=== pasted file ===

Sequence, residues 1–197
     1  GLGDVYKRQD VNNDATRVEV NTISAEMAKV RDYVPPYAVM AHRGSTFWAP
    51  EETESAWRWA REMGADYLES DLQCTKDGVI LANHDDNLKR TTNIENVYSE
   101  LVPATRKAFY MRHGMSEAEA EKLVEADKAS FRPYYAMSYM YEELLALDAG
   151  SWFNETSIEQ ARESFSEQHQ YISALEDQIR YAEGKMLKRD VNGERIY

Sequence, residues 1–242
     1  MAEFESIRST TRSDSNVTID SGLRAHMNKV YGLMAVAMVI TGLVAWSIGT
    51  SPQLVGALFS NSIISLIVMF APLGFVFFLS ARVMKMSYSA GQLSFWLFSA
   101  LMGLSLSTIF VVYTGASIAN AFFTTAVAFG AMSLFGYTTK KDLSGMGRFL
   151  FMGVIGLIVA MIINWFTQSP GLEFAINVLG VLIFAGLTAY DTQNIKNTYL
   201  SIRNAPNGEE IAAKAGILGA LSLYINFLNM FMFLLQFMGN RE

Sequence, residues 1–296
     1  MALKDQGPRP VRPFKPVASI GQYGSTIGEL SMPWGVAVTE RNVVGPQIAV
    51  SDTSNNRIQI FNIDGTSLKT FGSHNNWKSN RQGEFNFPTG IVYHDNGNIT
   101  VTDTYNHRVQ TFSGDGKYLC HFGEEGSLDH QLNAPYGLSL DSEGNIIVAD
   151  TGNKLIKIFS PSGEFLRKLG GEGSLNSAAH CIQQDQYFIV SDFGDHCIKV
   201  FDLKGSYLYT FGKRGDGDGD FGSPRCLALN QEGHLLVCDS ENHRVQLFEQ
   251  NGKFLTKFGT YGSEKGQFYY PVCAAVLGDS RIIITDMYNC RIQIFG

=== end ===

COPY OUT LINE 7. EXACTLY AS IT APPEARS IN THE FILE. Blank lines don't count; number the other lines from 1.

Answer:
     1  MAEFESIRST TRSDSNVTID SGLRAHMNKV YGLMAVAMVI TGLVAWSIGT